Last friday we took another road trip to check out the old ghost town of Stanton, Arizona. Because Stanton is my middle name, Sarah Sullivan thought it appropriate that we visit that town. The trip got off to an unauspicious beginning in the town of Clarkdale when I saw the flashing lights of an on-coming cop car at the same time I saw the sign for the 15 MPH speed limit. Needless to say, the cop made a quick U-turn and pulled me over. He said I was going more than 20 MPH above the speed limit which meant I could do jail time in Arizona. After he checked me out for priors and saw that my rap sheet was clean he let me go with a written warning. Then he proceeded to comment on the Jeep and he suggested a back road route to Sedona that I should try.
The road to Prescott and beyond was a beautiful trip over the Mingus Mountains and then across Pleasant Valley and over another mountain range. There were tons of switchbacks and great views over the valley. We finally made it to the road that leads to the ghost towns of Stanton, Octave and Weaver. It was a maintained dirt road that passed by herds of cattle and horses.
The town of Stanton has been converted into an RV camp whose owners have stabilized the three remaining buildings and allow visitors. They even left the bullet holes in the wall of the Opera House. Stanton was originally named Antelope Station until Charles P Stanton came along and devised his plan to take over the town and the mining activities. Stanton managed to cause dissension amongst some of the local business owners, got one to kill the other and then the killer was sent to jail (3:10 to Yuma?). So Stanton took over the town, became its post master and named it after himself. That lasted only a couple of years until he was shot for allegedly insulting the sister of a gang member named Cristero Lucero. The town's life span was about 20 years. There are still posted claims for mining in the area and there is a little mining activity among the people living in the area.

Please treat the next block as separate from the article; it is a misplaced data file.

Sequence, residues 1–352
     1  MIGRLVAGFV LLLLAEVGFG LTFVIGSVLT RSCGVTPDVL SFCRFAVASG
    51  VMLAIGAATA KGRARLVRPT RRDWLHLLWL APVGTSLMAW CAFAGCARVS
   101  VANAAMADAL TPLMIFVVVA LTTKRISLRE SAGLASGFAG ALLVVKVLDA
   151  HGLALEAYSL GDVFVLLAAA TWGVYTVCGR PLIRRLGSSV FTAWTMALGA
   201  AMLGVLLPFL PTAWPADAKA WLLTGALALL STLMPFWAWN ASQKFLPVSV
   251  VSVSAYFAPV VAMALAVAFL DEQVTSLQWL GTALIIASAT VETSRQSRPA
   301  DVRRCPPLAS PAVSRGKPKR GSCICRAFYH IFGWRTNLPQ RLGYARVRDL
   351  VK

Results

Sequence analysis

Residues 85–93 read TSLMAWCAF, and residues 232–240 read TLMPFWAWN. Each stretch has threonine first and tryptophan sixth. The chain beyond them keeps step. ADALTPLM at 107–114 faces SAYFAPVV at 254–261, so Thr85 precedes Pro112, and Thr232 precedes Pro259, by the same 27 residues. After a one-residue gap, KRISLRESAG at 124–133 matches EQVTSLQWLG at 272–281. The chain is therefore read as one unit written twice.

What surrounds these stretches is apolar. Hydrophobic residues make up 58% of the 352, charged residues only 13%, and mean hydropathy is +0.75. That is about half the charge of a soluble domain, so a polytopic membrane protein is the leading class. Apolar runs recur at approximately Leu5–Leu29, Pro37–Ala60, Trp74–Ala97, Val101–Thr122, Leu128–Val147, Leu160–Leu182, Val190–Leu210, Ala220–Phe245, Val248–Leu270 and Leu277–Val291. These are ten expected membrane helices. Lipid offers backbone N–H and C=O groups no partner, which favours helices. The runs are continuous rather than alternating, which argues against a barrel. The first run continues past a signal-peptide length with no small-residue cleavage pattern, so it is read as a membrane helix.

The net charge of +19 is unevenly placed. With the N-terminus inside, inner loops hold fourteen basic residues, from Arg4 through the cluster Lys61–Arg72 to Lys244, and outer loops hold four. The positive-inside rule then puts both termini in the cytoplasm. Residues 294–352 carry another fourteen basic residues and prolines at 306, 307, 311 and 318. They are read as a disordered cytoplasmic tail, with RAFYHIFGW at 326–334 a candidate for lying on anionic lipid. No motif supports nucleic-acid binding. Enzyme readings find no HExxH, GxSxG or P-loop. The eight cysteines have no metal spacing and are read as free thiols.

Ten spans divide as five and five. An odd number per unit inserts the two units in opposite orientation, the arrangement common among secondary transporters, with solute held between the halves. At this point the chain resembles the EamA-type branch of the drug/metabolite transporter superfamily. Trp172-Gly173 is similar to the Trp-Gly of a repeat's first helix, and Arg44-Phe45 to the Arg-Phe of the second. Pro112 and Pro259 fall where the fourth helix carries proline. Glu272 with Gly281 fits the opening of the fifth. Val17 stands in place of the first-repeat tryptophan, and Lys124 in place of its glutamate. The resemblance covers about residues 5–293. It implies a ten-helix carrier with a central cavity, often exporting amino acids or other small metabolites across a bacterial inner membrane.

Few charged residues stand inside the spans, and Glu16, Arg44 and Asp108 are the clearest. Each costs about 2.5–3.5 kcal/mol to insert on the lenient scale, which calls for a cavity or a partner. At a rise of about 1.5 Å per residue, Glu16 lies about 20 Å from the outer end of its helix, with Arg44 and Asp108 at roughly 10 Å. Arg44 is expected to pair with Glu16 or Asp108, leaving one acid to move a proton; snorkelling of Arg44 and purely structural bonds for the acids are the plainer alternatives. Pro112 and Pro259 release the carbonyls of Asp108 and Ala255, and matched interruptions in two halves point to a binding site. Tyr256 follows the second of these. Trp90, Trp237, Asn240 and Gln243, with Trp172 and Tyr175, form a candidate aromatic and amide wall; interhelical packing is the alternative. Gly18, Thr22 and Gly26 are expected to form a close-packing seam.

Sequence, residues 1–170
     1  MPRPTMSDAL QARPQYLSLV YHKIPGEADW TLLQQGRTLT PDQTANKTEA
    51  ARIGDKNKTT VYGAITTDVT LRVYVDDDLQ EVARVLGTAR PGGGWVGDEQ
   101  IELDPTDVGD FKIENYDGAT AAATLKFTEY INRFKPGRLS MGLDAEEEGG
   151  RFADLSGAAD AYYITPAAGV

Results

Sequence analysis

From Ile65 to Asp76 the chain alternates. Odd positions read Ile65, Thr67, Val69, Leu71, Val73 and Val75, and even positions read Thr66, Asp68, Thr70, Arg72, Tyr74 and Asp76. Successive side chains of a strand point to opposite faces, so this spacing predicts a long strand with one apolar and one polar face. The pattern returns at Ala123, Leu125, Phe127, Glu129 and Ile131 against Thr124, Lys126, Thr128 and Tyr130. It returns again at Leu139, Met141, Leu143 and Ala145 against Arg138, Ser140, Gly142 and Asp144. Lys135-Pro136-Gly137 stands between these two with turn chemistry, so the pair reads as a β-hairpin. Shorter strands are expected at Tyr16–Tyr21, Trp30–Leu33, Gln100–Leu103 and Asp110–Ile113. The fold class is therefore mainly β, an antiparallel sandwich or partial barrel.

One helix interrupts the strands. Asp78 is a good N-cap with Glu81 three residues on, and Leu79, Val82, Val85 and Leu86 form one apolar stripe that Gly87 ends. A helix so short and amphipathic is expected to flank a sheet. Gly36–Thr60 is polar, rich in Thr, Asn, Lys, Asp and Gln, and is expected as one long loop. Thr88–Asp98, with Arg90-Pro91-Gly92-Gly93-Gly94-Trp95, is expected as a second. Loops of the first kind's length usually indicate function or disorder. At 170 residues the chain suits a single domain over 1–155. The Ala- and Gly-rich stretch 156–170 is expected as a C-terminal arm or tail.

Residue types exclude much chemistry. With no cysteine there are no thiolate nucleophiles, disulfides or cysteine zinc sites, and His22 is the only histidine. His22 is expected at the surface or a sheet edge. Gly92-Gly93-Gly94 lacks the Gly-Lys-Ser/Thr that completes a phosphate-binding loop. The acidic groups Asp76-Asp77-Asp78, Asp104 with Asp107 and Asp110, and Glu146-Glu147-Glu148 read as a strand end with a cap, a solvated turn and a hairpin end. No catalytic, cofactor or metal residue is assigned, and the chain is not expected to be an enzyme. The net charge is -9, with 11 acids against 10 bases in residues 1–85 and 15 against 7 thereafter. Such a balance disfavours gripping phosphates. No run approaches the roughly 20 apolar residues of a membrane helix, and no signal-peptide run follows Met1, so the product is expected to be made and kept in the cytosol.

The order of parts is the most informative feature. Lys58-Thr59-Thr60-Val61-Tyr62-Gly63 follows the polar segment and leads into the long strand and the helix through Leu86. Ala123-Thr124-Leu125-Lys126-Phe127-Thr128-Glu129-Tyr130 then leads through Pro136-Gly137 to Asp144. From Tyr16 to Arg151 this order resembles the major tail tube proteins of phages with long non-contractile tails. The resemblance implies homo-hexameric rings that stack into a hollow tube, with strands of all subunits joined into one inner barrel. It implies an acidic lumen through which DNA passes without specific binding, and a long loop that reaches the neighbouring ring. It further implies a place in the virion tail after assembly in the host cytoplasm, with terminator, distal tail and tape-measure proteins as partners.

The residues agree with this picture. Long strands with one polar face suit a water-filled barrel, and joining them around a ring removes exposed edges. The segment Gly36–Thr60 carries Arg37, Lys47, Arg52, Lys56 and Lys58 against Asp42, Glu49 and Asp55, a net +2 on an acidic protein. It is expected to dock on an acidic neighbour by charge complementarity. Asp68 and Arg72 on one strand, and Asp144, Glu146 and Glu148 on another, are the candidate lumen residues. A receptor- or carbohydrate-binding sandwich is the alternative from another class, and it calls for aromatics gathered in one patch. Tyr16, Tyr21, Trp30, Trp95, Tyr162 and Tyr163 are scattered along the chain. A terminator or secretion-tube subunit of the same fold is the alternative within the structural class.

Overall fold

From Stanton we tried to find Octave, but it appears that the remnants of the town have been fenced off probably due to some new mining going on. Up the road from Octave is the old town of Weaver. All that remains there is a cemetary full of unmarked graves of miners and claim jumpers along with a delapidated house and some rusted out mining equipment.
It really was a fascinating look and reminder about a time in our country and about the people who settled the west.